Why Don’t I Get More Letters Like This?

Easter is coming up. Do Not Miss This.

Sometimes a reader understands your book better than you do. That's the feeling I got after receiving this letter. It reveals exactly what my newest book can teach and do for readers.

Click to Get a discounted copy of the Book

Click to Get a discounted copy of the Book

Dear Rabbi,

“When I was growing up, I had a number of Jewish friends, and I used to visit the synagogue yearly as a part of our Sunday school ecumenical program.

Nevertheless, I can't say that I knew much about Judaism as a religion. It wasn't until I was middle aged that I even met a devout Jew.

Thus this book was a revelation for me.

Why are There So Many Jewish Lawyers (and Supreme Court Justices)?

2 Reasons It Makes Me Proud

The entire world Jewish population is 13 million. That is smaller than a tiny statistical error in the Chinese Census. Between 5 and 6 of those 13 million live in America. We constitute to about 1.7% of the American population.

Yet, if Judge Merrick Garland is confirmed as a Supreme Court Justice (a big if!), four out of the nine justices would be Jews. That's almost a majority. What explains this extraordinary representation? Two factors: 

Do Jews Believe in Resurrection of the Dead?

The hardest chapter to write for my book on the Jewishness of Jesus was the one on resurrection. I tried to avoid it, but my editor insisted. Resurrection of the dead is not a topic we discuss much in synagogues.

In fact, many Jews and Christians today believe Jews have never believed in the resurrection of the dead. Yet, the Talmud says faith in resurrection is one of the three core ideas of Judaism. Look at chapter 37 of the Book of Ezekiel.

In it the Prophet Ezekiel envisions a valley full of dry bones. He speaks to the bones. He tells them God will breathe life into them. They will have skin and flesh and become a great army.

The bones symbolize the people of Israel, who will rise again and return to their land. The text is not purely a symbolic vision of rebirth. It is physical, with the spirit giving life to the bones of the dead. The text is traditionally read during the week of Passover. 

A Frog Must Jump: Or How We Always End Up Following Our Passion

A good friend of mine is a highly successful entrepreneur. He also happens to be a rabbi.

We met in rabbinical school. At the time he planned to lead a congregation, as I do now. By the time we graduated, however, plans had changed.

Even before graduating, he was leading a new Jewish organization. (The closest Christian analogy would be a church plant). Then he was advising other start-ups.

Soon he began an after-school initiative. While rooted in the Jewish value of education, this is not a religious program.

10 Prayers for the New Year

We all need a little inspiration as we approach the New Year. Following is a series of short prayers based on Jewish wisdom and tradition.

1. Looking Backward and Forward: The name January comes from the Roman god “Janus.” He had two faces so he could look forward and backward at the same time. Eternal God, help us to know this truth. We can look back, and in so doing, we can help create the way forward. The past need not hold us back. It can lead us ahead.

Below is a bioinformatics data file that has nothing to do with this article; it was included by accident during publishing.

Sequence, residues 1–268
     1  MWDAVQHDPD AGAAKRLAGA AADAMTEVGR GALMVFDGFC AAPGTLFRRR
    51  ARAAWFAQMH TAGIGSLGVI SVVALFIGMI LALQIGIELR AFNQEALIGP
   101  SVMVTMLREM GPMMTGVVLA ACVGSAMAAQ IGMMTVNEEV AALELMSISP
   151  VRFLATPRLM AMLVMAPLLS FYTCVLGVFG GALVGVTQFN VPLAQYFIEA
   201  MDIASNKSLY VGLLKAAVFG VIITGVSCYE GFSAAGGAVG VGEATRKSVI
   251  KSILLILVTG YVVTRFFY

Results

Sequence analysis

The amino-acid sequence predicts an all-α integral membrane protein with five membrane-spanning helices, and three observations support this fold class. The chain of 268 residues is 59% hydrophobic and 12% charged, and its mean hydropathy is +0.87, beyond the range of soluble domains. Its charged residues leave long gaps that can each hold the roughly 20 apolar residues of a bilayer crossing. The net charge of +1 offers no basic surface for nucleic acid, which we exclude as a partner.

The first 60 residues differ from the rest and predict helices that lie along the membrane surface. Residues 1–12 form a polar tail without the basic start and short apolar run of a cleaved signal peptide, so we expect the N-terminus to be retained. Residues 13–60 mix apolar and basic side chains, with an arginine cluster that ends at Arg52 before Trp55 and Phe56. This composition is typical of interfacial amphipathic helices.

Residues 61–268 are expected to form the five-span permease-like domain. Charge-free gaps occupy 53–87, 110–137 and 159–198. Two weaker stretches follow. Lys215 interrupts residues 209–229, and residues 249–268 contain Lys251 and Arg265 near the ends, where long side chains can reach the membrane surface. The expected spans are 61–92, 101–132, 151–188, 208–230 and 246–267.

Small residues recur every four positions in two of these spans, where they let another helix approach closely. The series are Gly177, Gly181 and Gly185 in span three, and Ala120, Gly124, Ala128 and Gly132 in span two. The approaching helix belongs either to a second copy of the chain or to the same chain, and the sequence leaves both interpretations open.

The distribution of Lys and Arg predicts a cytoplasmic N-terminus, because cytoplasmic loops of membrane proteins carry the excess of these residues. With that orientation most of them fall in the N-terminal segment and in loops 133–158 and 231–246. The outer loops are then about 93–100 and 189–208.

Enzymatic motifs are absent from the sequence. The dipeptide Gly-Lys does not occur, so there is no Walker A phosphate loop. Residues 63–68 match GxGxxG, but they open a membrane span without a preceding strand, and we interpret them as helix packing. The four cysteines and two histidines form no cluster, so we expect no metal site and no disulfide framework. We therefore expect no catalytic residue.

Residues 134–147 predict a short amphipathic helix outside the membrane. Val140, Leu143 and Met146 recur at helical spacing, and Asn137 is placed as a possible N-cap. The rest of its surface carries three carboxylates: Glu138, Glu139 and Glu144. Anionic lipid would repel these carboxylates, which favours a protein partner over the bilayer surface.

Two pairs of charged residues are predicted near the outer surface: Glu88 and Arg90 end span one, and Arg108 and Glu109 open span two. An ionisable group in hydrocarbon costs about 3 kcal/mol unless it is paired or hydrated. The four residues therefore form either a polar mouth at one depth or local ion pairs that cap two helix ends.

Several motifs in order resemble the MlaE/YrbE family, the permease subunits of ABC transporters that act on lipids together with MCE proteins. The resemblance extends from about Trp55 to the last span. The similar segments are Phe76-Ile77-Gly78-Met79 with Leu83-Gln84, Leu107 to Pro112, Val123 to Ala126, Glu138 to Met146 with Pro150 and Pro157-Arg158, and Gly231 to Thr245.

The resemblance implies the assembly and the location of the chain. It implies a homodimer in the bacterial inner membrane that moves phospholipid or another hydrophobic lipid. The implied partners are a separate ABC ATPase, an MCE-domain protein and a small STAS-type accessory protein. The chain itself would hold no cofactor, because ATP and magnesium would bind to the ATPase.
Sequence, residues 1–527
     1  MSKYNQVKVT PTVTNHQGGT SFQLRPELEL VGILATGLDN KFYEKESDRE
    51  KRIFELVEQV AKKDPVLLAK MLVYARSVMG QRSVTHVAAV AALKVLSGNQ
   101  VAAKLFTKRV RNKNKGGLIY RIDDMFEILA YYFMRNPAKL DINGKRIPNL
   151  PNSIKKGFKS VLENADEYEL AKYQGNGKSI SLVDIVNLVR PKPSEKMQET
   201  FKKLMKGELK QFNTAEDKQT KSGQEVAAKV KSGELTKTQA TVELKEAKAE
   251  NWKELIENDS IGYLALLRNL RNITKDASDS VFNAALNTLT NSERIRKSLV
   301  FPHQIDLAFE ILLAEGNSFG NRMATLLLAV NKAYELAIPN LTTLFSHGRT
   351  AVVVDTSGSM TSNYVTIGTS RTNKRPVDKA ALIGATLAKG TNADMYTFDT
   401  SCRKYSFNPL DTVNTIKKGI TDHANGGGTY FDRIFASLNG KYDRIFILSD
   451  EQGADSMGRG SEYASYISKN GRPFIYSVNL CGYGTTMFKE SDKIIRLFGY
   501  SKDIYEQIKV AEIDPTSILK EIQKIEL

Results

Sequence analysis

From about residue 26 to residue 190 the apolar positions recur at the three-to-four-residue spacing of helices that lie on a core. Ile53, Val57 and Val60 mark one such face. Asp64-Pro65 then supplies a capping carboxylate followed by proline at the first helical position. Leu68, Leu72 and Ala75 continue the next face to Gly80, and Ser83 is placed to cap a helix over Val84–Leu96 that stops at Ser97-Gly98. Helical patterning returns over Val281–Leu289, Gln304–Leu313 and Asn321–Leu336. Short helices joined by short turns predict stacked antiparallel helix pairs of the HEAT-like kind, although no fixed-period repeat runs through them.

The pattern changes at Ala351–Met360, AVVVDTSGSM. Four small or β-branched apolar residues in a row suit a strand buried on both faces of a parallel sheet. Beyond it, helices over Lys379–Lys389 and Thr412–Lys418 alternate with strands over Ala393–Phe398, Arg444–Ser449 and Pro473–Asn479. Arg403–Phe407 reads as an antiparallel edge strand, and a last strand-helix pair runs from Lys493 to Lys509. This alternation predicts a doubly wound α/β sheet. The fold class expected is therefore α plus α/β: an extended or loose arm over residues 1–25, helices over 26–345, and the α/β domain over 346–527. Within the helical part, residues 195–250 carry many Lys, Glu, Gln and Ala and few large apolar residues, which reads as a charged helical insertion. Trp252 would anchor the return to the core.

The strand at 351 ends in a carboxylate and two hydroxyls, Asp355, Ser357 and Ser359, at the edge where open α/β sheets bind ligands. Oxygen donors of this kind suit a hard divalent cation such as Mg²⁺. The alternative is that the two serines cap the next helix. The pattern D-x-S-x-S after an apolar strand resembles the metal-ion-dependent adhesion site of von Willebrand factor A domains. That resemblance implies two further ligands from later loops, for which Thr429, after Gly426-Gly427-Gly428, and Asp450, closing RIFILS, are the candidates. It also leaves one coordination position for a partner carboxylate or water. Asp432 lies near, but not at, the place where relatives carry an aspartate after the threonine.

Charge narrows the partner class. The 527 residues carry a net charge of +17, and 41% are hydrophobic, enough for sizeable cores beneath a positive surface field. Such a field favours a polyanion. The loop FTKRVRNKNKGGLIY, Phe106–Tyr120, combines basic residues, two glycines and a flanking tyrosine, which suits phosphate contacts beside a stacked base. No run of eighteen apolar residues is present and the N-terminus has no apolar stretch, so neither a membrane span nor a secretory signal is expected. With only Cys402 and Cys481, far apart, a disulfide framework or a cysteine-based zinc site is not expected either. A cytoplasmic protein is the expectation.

2. Unwrap the Gift: Eternal God, You gave us the greatest gift: the gift of life. In the coming year, help us use it wisely. May we grow in generosity, kindness and forgiveness, hope, faith and love. Amen.

3. Beginnings are blessings: Eternal God, bless this new beginning with an extra spirit of your strength, so that we may turn our days into blessings of your name. Amen.

4. Possibilities: To begin again is not a dream. It is an everlasting possibility. God, help us to grab hold of it and make it real in the coming year. Amen

5. The Book of Life: A new year is a new page in the book of our lives. May we write with color, wisdom and humility. And may your grace fall upon it consistently and unceasingly. Amen. (The ultimate prayer for many Christians is the Lord’s prayer. I offer a new understanding of it in this excerpt from my upcoming book.)

6. Waiting for Us: The good we missed last year waits for us still. Eternal God, give us the eyes to see it, the ears to hear and the heart to find it. Amen

7. Strength: God, we do not ask for a life of ease and comfort. We simply ask to be uncomplaining and unafraid. May you give us that strength for the New Year.

8. The Possibility for Change: The Hebrew word for “year” also means “change.” Change is a possibility for each us. May we embrace that possibility for change within ourselves, change within our families, change within our communities, and change within our world.

9. Change is inevitable: Growth is not. It depends on our will, our hopes, our dreams. And it rests on Your Grace. Give us an extra portion of it, so that we may fill the New Year with your Presence. Amen

10. Presence: The greatest gift we can give to others and You can give to us, Oh God, is Presence. May we be present for others during the coming year, and may You bless us with Your presence at every moment. Amen.

What is Your Prayer for the New Year? (The ultimate prayer for many Christians is the Lord’s prayer. I offer a new understanding of it, unpacking its Jewish context, in this excerpt from my upcoming book.)